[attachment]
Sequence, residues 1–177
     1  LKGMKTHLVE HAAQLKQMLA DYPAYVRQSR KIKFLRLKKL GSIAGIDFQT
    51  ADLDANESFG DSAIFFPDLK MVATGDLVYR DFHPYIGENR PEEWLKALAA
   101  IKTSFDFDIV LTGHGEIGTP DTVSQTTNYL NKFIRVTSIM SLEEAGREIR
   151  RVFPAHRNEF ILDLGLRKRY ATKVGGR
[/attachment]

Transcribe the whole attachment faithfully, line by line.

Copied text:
Sequence, residues 1–177
     1  LKGMKTHLVE HAAQLKQMLA DYPAYVRQSR KIKFLRLKKL GSIAGIDFQT
    51  ADLDANESFG DSAIFFPDLK MVATGDLVYR DFHPYIGENR PEEWLKALAA
   101  IKTSFDFDIV LTGHGEIGTP DTVSQTTNYL NKFIRVTSIM SLEEAGREIR
   151  RVFPAHRNEF ILDLGLRKRY ATKVGGR